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1: 1.10 Functions of a Complex Variable
Lastly, if a n 0 for infinitely many negative n , then z 0 is an isolated essential singularity. … If the poles are infinite in number, then the point at infinity is called an essential singularity: it is the limit point of the poles. … In any neighborhood of an isolated essential singularity, however small, an analytic function assumes every value in with at most one exception. …
2: 32.2 Differential Equations
An equation is said to have the Painlevé property if all its solutions are free from movable branch points; the solutions may have movable poles or movable isolated essential singularities1.10(iii)), however. …
3: 18.39 Applications in the Physical Sciences
See accompanying text
Figure 18.39.2: Coulomb–Pollaczek weight functions, x [ 1 , 1 ] , (18.39.50) for s = 10 , l = 0 , and Z = ± 1 . For Z = + 1 the weight function, red curve, has an essential singularity at x = 1 , as all derivatives vanish as x 1 + ; the green curve is 1 x w CP ( y ) d y , to be compared with its histogram approximation in §18.40(ii). For Z = 1 the weight function, blue curve, is non-zero at x = 1 , but this point is also an essential singularity as the discrete parts of the weight function of (18.39.51) accumulate as k , x k 1 . Magnify
The Schrödinger operator essential singularity, seen in the accumulation of discrete eigenvalues for the attractive Coulomb problem, is mirrored in the accumulation of jumps in the discrete Pollaczek–Stieltjes measure as x 1 . …
4: 18.40 Methods of Computation
This is a challenging case as the desired w RCP ( x ) on [ 1 , 1 ] has an essential singularity at x = 1 . …
5: Bibliography K
  • A. A. Kapaev (1991) Essential singularity of the Painlevé function of the second kind and the nonlinear Stokes phenomenon. Zap. Nauchn. Sem. Leningrad. Otdel. Mat. Inst. Steklov. (LOMI) 187, pp. 139–170 (Russian).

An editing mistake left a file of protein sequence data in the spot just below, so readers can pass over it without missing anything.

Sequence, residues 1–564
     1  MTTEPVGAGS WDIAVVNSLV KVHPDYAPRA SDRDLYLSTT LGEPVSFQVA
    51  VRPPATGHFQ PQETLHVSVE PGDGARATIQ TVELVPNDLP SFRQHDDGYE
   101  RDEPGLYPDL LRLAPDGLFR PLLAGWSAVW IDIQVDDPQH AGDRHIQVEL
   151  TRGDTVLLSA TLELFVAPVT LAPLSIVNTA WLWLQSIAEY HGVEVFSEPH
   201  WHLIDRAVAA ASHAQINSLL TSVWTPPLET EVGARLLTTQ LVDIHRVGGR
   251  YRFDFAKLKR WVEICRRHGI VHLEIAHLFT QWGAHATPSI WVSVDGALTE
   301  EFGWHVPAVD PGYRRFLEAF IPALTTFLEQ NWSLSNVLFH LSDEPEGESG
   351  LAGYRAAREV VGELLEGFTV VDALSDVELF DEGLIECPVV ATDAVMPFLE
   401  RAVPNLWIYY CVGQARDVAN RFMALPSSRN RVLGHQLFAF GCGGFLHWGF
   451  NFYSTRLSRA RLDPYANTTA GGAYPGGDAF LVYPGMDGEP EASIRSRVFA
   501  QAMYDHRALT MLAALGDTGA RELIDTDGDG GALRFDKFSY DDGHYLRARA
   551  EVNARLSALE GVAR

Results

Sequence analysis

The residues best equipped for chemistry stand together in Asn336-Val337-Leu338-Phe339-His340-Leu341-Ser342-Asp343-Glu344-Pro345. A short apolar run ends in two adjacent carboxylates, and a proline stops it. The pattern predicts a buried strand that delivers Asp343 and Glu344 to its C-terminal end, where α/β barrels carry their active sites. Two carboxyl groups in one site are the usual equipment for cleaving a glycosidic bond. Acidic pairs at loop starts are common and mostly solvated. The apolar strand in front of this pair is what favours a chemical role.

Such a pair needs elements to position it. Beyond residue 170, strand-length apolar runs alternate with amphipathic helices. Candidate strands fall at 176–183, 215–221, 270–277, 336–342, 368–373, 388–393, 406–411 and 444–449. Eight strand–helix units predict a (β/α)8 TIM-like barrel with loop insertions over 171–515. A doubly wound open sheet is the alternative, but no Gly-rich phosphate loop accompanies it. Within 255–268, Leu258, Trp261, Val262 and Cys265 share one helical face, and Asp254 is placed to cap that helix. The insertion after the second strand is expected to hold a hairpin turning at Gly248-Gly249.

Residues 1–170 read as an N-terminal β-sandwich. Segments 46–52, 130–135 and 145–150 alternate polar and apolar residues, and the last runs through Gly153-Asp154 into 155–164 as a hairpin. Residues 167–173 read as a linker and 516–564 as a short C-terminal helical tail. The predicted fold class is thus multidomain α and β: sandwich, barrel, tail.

• 6: 18.35 Pollaczek Polynomials
    indicating the presence of essential singularities. …
    7: 1.18 Linear Second Order Differential Operators and Eigenfunction Expansions
    In unusual cases N = , even for all , such as in the case of the Schrödinger–Coulomb problem ( V = r 1 ) discussed in §18.39 and §33.14, where the point spectrum actually accumulates at the onset of the continuum at λ = 0 , implying an essential singularity, as well as a branch point, in matrix elements of the resolvent, (1.18.66). …
    8: Errata
  • Chapter 18 Additions

    The following additions were made in Chapter 18:

    • Section 18.2

      In Subsection 18.2(i), Equation (18.2.1_5); the paragraph title “Orthogonality on Finite Point Sets” has been changed to “Orthogonality on Countable Sets”, and there are minor changes in the presentation of the final paragraph, including a new equation (18.2.4_5). The presentation of Subsection 18.2(iii) has changed, Equation (18.2.5_5) was added and an extra paragraph on standardizations has been included. The presentation of Subsection 18.2(iv) has changed and it has been expanded with two extra paragraphs and several new equations, (18.2.9_5), (18.2.11_1)–(18.2.11_9). Subsections 18.2(v) (with (18.2.12_5), (18.2.14)–(18.2.17)) and 18.2(vi) (with (18.2.17)–(18.2.20)) have been expanded. New subsections, 18.2(vii)18.2(xii), with Equations (18.2.21)–(18.2.46),

    • Section 18.3

      A new introduction, minor changes in the presentation, and three new paragraphs.

    • Section 18.5

      Extra details for Chebyshev polynomials, and Equations (18.5.4_5), (18.5.11_1)–(18.5.11_4), (18.5.17_5).

    • Section 18.8

      Line numbers and two extra rows were added to Table 18.8.1.

    • Section 18.9

      Subsection 18.9(i) has been expanded, and 18.9(iii) has some additional explanation. Equations (18.9.2_1), (18.9.2_2), (18.9.18_5) and Table 18.9.2 were added.